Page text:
In its fight against an economic slowdown, China has opened the bank vaults again and pumped more credit into its financial systems, again, says political analyst Victor Shih, author of Factions and Finance in China: Elite Conflict and Inflation to the New York Times. It is an old solution in a country where debts are already at dangerous levels, he says.
The New York Times:
In the early years of China’s boom, companies and local governments could borrow liberally knowing that accelerating growth could help ensure that their gambles paid off. Now that the country’s economy is huge and maturing, it has become increasingly difficult for China to simply grow its way out of its debt.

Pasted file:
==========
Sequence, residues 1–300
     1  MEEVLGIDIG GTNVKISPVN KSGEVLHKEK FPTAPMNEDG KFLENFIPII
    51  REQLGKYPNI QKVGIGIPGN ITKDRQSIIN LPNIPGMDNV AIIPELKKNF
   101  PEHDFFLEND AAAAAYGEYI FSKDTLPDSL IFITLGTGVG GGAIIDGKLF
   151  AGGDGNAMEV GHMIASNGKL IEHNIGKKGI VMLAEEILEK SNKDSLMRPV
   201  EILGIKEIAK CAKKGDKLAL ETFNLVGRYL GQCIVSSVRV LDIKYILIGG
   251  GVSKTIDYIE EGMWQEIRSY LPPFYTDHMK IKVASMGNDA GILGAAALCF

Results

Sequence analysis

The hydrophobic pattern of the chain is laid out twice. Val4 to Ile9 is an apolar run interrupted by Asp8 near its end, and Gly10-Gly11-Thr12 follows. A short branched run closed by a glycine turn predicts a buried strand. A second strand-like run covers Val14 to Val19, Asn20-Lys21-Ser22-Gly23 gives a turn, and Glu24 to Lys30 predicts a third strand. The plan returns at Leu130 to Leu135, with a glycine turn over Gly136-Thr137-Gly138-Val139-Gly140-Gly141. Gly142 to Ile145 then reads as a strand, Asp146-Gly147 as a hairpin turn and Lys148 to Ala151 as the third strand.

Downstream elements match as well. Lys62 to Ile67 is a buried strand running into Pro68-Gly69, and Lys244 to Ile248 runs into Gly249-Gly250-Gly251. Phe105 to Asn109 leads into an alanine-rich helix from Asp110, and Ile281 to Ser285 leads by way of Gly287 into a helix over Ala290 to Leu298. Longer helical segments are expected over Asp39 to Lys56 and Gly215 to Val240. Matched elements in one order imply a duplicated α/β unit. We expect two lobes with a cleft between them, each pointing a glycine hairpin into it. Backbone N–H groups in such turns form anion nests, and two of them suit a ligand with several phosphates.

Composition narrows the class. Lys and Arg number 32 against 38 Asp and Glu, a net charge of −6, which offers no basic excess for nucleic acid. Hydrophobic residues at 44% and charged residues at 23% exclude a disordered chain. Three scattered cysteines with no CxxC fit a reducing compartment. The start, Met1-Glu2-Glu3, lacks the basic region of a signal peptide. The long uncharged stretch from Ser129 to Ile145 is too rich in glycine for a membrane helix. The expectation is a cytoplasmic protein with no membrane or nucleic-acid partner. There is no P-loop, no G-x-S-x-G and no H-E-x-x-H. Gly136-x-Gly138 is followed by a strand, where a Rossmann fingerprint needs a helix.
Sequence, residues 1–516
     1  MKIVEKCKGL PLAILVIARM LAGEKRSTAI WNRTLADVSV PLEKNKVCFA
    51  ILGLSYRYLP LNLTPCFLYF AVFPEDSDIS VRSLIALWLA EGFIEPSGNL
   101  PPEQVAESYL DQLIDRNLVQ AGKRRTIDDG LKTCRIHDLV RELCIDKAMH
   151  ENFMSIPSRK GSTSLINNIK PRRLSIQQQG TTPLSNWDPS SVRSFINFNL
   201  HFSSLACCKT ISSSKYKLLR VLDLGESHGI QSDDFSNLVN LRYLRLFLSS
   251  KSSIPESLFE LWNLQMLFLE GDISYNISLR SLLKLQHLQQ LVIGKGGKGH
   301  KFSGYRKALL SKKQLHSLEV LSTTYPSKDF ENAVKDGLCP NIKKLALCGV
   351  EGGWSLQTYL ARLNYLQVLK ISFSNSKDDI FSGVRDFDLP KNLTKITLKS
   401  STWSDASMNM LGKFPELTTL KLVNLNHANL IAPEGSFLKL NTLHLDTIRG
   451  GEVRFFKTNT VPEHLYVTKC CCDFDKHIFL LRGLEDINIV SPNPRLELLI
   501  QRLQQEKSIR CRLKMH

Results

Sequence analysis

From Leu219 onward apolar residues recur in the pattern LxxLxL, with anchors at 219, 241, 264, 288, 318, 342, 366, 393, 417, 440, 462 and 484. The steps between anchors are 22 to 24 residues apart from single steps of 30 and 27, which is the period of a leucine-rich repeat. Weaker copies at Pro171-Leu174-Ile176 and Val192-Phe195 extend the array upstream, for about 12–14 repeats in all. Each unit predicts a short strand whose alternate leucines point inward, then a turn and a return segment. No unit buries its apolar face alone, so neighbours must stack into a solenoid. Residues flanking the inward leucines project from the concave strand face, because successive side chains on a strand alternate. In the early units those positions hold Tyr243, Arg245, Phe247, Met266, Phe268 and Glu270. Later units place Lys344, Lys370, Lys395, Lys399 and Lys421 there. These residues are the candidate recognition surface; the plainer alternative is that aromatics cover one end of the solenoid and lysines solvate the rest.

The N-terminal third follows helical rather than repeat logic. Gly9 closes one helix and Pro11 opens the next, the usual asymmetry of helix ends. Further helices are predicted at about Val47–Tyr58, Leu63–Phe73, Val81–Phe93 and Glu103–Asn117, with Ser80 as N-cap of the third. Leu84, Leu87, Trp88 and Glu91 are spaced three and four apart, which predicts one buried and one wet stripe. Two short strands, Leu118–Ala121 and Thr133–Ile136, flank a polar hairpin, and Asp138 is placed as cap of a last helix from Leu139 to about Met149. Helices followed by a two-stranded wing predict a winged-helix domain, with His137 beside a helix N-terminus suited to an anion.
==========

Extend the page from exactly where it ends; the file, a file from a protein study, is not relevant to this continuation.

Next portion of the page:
“China already is in the midst of the largest credit bubble the world has ever seen,” said Victor Shih, an associate professor at the University of California, San Diego. And, Professor Shih added, the Chinese government has not been able to wean itself off its debt habit.
“The government simply cannot afford to think about the medium term and must focus on short-term continuation of the credit bubble,” he said.
The latest round of government-driven financial largess was remarkable in size and scale, economists said.
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